Ancient Chinese Myths Invoked In Allegory Of Earth’s Climate Change

Members of the Choir of Trinity Wall Street performing Hung Ruo’s ‘Book of Mountain and Seas’ at St. Ann’s Warehouse in Brooklyn. (Photos by Teddy Wolf)

BROOKLYN – Concerns about climate change seem recent, dating back some 50 years. But Huang Ruo’s vocal theater piece Book of Mountains and Seas is a reminder that extreme, terrifying changes on our planet’s surface have been discussed since ancient times. By using Chinese myths from the fourth century BCE, Ruo has drawn a meaningful parallel with our own modern fears.

The work, produced by Beth Morrison Projects at St. Ann’s Warehouse and co-presented by the Prototype Festival and the Choir of Trinity Wall Street, had its world premiere at the Royal Danish Theater in 2021. Its American premiere was scheduled for January, but the 2022 Prototype Festival had to be canceled because of the Omicron-variant COVID surge in New York. The performances were rescheduled separately from the festival, and without the participation of Paul Hillier, who served as music director for the original production. Ruo took over his duties.

Book of Mountains and Seas is scored for 12 singers (members of the Choir of Trinity Wall Street) and two percussionists (Michael Murphy and John Ostrowski) positioned on either side of the stage. An essential element is puppetry, primarily abstract moving shapes, designed by Basil Twist and operated by six puppeteers. Twist also directed. With a black stage and black screen behind it, and the personnel dressed entirely in black, all the focus is on Twist’s creations and the spot-lit faces of whichever choristers are singing. The effect is of spookily disembodied heads.

An essential element is puppetry, primarily abstract moving shapes, designed by Basil Twist and operated by six puppeteers.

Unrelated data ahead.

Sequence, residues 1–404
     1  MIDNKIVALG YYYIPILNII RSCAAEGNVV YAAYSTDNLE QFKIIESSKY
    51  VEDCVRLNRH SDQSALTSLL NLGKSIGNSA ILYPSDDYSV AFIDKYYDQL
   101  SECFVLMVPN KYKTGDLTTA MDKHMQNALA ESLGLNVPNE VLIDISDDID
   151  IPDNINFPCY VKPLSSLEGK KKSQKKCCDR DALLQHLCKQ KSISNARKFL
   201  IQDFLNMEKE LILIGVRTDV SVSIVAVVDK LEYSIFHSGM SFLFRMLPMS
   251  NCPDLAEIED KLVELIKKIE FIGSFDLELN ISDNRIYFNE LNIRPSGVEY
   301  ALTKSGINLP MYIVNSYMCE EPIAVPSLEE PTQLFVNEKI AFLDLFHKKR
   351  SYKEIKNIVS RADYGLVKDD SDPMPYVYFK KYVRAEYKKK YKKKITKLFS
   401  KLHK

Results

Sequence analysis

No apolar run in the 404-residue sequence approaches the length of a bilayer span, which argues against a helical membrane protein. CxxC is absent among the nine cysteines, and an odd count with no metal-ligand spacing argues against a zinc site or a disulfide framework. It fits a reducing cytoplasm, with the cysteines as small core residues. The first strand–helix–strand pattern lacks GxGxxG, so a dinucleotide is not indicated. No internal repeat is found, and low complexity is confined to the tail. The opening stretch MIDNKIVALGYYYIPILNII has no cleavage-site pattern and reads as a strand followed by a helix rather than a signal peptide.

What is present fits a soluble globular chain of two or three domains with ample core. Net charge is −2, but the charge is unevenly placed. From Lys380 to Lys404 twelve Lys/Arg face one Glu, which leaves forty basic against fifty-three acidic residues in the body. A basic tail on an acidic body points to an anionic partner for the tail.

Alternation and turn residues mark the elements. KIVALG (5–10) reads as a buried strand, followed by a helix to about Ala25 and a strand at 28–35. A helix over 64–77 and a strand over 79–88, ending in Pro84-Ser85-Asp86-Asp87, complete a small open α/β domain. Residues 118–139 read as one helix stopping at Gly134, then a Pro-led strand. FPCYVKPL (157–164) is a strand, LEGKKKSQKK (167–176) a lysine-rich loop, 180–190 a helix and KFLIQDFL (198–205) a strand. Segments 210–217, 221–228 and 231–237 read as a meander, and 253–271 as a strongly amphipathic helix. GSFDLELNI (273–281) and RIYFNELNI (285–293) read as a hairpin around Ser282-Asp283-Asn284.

Ruo chose four myths from the ancient book. The first, “The Legend of Pan Gu,” tells of a giant who held the sky above the earth for 18,000 years. Upon his death, his body turned into the sun, moon, rivers, mountains, plants, animals, and humans. In terms of music, libretto, and puppetry, this is an establishment piece. The women’s voices pass around a single pitch, as pre-cosmic chaos, decorated slightly with grace notes and slides. Ruo’s stark, intense concept would have benefitted from more precise intonation in the voices.

As Haydn does in the opening of The Creation, Ruo lets the musical pitches and rhythms represent the forming of the universe. Unisons become sustained half-steps, their dissonances sparking blips of life. Sounds from pitched and unpitched percussion crystalize like minerals. Increasingly agitated rhythms intensify like the energy of creation. The music is vaguely tonic, insofar as a particular pitch acts as a central note; the final blossoming of the world is shown in tone clusters akin to that huge C-major triad in the Haydn when the choir sings “And there was light.”

The creative team made a sometimes frustrating decision not to project the translation of the Chinese libretto until each section of text had been sung through at least once. I understand how the light on the screen might be a distraction, and how not knowing the words forces one to use the ears and eyes more actively. Still, there were many moments when I could only assume that changes in the musical content corresponded to textual changes that I could not recognize.

The second story is “The Spirit Bird,” telling of a princess who, after drowning, releases her spirit into a bird who tries to wreak vengeance on the sea. Twist draws on his signature affinity for flowing, billowing fabric to show both the water and the bird, with dramatic help from shadow and light designed by Poe Saegusa. Chunks of driftwood, a puppet motif throughout the opera, are attached lengthwise and swivel around the stage as a sea serpent.